'The Lego Movie 2' Is One Long Dunk on Chris Pratt
This post contains spoilers for The Lego Movie 2.
When The Lego Movie premiered back in 2014, Chris Pratt was still Andy Dwyer on Parks and Recreation. Yes, he was months away from being known as Chris Pratt, Buff As Shit Movie Star in Guardians of the Galaxy, but most people still knew him as the dopey, chubby, Pawnee shoe-shiner with a heart of gold. At that point, he seemed like an unlikely heir to the throne of the next great action hero. It seemed almost equally unlikely that a movie based on block toys would be both a hit and a creative success. But then The Lego Movie was actually... great?
Written and directed by Phil Lord and Chris Miller -- the guys who have a reputation for turning seeming cash grabs into comic gold -- The Lego Movie was innovative, self-referential, and became the fifth-highest grossing movie of that year. It starred Pratt as Emmet Brickowski, an optimistic brick who learns it's okay to break out of the box in order to save the universe. It was the jolly, jovial, naïve Pratt we were used to. Later that summer, he'd debut the jacked out Star-Lord in the first Guardians, and the year after, he'd become the new face of Jurassic World, training raptors and ushering the franchise into its new soulless era.
Now, with the newly released The Lego Movie 2: The Second Part, the public perception of Pratt has changed again. He's fallen several spots on lists of the best Hollywood Chrises. He's known more for earnest Instagram posts about his farm and his diet than he is for hilariously dirty outtakes. Instead of just ignoring this, the new Lego installment has decided to acknowledge it, and in doing so, dunks on Pratt's transformation and all it represents.
To explain The Lego Movie 2: The Second Part -- written by Lord and Miller and directed by Mike Mitchell -- we need to back up and remember that its predecessor ends with the revelation that the Lego universe exists in the basement of a suburban home. The evil "Lord Business" is actually a controlling dad who believes Legos should be constructed in an organized fashion. The spark of the plot is instigated by his young son Finn (Jadon Sand) who just want to have fun. In the sequel, there's a third player: The kid's sister, Bianca (Brooklynn Prince), who has her own ideas of what playtime should be, which involves glitter and pop songs.
Of course, that's the real world: In the animated one, our friends like Emmet, his pal Wyldstyle, AKA Lucy (Elizabeth Banks), and Batman (Will Arnett) are living in a Mad Max-style apocalyptic hellscape created in the wake of the arrival of their disarmingly adorable invaders. One day, they are visited by a messenger who captures their leaders -- basically everyone of note except Emmet -- and takes them to the Systar System. (Sound it out: "Sister System.") There, the shapeshifting queen (Tiffany Haddish) wants to hold a matrimonial ceremony. She insists over song that she's not evil, but Lucy remains suspicious, immune to the charms of makeovers and fun tunes. Meanwhile, the left behind Emmet sets out to save his friends. Along the way, he's met by Rex Danger (also voiced by Chris Pratt), a self-described "chiseled" adventurer who rides in a spaceship full of raptors. Rex is everything Emmet wants to be. He's also 100% a riff on New Chris Pratt with all of his macho bluster. Rex offers to help with the rescue mission.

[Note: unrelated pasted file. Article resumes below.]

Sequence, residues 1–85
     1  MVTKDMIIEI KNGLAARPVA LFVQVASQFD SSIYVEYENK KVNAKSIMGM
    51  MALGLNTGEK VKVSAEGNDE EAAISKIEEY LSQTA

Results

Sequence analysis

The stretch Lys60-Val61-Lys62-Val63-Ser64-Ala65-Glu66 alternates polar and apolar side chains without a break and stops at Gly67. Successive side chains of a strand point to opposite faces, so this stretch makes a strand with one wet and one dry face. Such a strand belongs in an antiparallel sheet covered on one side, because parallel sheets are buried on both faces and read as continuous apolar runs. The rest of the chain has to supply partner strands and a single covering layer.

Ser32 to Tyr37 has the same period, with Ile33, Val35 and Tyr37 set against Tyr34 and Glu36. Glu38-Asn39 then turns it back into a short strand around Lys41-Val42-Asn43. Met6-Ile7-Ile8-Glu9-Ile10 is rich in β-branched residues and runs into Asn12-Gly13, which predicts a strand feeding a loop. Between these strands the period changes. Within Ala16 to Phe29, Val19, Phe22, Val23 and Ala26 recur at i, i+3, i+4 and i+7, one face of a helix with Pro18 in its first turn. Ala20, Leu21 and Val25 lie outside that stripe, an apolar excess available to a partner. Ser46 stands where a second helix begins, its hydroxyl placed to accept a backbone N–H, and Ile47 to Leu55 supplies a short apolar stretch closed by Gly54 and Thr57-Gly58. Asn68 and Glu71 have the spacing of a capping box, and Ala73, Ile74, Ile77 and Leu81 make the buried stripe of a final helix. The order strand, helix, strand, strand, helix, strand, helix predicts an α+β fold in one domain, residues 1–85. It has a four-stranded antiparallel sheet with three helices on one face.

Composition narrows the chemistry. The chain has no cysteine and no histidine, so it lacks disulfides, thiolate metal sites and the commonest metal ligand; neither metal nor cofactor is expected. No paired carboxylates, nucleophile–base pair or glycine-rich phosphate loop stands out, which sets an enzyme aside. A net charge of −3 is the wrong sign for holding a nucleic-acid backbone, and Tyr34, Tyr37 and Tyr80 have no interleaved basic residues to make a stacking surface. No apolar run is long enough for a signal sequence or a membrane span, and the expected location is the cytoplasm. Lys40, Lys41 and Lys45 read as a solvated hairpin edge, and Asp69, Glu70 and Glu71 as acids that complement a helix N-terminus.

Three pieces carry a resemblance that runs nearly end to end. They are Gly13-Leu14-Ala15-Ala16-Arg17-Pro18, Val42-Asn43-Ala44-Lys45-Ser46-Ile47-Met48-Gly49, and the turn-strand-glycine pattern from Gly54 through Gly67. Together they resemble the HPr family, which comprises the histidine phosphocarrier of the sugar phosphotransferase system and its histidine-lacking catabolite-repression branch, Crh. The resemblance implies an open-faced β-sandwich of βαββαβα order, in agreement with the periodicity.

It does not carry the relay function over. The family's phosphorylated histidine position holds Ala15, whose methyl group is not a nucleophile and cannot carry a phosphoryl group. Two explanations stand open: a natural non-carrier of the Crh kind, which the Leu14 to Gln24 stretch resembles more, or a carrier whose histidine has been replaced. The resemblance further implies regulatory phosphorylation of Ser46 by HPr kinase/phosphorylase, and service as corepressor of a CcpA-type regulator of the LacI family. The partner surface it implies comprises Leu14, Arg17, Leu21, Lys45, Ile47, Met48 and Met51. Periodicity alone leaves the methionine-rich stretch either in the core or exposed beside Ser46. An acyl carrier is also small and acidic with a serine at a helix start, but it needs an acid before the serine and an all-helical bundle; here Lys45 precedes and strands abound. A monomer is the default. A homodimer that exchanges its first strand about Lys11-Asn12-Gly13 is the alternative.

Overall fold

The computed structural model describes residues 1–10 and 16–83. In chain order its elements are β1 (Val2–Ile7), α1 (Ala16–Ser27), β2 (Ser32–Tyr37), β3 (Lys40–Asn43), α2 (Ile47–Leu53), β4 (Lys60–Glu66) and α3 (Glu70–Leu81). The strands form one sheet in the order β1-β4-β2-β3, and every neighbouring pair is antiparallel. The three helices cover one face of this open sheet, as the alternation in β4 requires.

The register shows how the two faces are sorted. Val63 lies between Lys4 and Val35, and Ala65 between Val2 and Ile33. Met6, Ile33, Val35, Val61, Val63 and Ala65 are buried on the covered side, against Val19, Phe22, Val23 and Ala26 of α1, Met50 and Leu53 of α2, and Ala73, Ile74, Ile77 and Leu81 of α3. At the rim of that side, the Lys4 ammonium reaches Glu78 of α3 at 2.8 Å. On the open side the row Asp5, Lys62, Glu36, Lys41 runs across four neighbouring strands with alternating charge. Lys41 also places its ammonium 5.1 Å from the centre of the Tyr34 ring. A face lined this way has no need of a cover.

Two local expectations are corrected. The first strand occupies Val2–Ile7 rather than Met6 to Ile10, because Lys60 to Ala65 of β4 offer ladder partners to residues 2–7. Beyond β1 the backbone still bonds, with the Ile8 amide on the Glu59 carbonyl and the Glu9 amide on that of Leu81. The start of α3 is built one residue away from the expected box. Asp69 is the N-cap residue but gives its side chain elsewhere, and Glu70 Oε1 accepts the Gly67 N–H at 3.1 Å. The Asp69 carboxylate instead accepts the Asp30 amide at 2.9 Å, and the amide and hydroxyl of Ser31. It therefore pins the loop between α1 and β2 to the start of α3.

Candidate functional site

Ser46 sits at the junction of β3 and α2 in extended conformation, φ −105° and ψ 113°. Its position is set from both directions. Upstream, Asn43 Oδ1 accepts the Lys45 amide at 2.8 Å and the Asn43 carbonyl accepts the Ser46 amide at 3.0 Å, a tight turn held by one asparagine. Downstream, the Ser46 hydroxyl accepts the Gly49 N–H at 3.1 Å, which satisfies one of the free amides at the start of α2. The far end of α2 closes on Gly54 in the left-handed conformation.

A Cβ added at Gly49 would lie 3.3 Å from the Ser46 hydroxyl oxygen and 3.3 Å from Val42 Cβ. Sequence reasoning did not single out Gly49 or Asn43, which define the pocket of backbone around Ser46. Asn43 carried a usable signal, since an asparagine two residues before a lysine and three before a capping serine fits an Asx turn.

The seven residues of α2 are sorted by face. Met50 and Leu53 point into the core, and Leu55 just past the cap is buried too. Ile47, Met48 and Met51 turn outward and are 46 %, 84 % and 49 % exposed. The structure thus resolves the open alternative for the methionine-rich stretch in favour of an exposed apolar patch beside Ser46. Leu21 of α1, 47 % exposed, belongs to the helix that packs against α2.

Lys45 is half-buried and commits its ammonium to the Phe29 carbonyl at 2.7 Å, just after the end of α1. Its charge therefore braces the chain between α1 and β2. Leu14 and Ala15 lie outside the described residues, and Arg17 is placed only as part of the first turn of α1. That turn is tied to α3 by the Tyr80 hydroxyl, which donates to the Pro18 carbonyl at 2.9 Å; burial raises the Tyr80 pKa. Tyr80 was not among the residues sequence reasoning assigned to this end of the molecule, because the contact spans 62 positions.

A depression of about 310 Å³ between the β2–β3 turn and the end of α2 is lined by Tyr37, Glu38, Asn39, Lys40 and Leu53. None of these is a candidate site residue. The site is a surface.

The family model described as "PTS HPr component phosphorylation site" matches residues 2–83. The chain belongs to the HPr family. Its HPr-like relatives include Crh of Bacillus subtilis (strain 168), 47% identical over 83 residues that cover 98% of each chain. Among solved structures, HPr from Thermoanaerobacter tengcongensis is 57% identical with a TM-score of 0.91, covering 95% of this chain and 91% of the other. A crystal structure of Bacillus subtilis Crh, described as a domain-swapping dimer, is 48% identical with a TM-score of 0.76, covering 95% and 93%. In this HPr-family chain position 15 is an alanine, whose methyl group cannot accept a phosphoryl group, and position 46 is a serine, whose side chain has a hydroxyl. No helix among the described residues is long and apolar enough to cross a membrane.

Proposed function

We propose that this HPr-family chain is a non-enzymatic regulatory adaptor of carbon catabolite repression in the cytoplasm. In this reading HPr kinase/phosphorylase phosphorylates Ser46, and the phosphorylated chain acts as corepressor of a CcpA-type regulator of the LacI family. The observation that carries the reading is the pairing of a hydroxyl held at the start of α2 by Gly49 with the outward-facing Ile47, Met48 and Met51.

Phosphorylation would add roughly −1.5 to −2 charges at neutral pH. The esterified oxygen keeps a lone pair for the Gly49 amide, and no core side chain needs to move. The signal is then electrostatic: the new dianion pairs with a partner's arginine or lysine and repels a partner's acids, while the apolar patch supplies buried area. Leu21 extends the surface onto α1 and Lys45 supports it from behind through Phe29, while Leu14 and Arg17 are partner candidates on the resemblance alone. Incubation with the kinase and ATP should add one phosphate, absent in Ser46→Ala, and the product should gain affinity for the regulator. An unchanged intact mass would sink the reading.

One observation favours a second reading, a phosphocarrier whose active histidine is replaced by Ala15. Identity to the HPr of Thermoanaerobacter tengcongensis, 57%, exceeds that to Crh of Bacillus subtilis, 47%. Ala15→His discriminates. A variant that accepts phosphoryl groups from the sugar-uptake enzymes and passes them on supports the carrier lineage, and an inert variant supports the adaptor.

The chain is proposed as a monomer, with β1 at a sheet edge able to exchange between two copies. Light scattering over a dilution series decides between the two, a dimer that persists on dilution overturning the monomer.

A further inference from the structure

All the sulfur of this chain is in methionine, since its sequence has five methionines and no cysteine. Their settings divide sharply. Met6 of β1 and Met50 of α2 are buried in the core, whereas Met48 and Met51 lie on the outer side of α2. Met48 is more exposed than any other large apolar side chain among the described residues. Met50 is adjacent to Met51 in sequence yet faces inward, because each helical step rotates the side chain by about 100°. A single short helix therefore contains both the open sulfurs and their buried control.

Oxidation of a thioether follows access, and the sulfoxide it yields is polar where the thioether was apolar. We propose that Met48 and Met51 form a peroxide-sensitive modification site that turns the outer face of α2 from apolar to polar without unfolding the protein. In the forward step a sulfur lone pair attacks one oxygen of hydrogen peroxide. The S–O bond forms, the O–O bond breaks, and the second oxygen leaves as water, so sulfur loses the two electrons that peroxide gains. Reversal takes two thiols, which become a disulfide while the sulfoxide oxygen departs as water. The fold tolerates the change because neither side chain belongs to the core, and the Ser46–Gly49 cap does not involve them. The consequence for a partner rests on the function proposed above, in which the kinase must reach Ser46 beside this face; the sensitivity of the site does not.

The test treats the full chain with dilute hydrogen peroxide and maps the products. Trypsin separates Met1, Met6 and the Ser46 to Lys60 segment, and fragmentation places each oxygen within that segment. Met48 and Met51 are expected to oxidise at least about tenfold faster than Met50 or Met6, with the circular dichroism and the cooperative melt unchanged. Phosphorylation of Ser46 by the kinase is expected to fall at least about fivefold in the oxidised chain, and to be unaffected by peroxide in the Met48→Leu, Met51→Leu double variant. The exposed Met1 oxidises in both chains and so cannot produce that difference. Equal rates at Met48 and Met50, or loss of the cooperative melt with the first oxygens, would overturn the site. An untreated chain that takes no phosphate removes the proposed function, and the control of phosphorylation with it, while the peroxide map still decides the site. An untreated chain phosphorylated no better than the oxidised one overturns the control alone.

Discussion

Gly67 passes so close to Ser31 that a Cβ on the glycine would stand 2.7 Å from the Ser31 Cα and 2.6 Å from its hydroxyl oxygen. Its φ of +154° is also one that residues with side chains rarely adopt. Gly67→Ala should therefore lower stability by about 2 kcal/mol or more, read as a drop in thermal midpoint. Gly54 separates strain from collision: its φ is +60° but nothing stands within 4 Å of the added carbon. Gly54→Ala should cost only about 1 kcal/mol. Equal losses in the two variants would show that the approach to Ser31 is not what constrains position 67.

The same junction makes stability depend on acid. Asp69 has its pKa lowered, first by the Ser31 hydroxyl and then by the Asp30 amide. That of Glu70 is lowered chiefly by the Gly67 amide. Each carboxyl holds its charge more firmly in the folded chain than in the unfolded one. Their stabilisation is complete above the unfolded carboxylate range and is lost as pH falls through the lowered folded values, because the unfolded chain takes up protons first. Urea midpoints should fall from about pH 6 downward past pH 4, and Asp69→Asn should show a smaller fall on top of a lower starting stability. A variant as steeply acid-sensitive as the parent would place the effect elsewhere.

The Lego Movie 2 ups the ante on the first hit with its elaborate setup and eye-popping new characters. It adds more music, nearly hitting full blown musical status, including the self-explanatory "Catchy Song," a worthy earworm to follow up "Everything Is Awesome." You can probably see the big plot twist coming from a mile away, but even so, Miller and Lord maintain the to-the-bone cleverness of the dialogue. It's metatextual without being Deadpool-level obnoxious, cute without being cloying.
Ultimately, it's no surprise that the Systar System denizens aren't really the bad guys. If a movie in 2019 came out with the regressive statement that "little sisters suck," that would take us back a few years in kid's entertainment. Bianca's just trying to get her brother to play with her, and stop a war that would lead to an armageddon ("our-mom-ageddon") that would cause parental interference. The pop music isn't bad! It's fun! The glitter isn't nefarious! It's just glitter!
The real bad guy is Rex, who is actually Emmet from the future. In his timeline, he was slighted by the Systar System crew, and went back in time to enact his revenge. He's what happens if men grow consumed by what some ideal of manhood is supposed to look like. He's a warning to Finn that he should be nice to his sister or he'll turn out a woman-hating jerk. And, yes, he's a vision of present-day Chris Pratt.
A star sending up his own image is nothing new, but a star casting his current public persona as an unequivocal villain representative of a larger social ill is a more curious phenomenon. It feels like sly -- or maybe not so sly -- work on behalf of Lord and Miller, recognizing that their star maybe hasn't changed for the better. The message of The Lego Movie 2 might as well be: "You don't have to be a dinosaur man who negs women to be cool."
But even so, Rex drags down the rest of the movie. Especially before the reveal that he's the bad guy, the scenes between him and Emmet lack the spark that the scenes in the Systar System have. Perhaps it's just that Rex's whole deal -- and in turn, Pratt's -- isn't all that compelling. The Lego Movie 2 undercuts it with glee, but that's predicated on the idea anyone finds him interesting. But, hey, at least there's a fabulous end credits song, featuring Beck, Robyn, and The Lonely Island.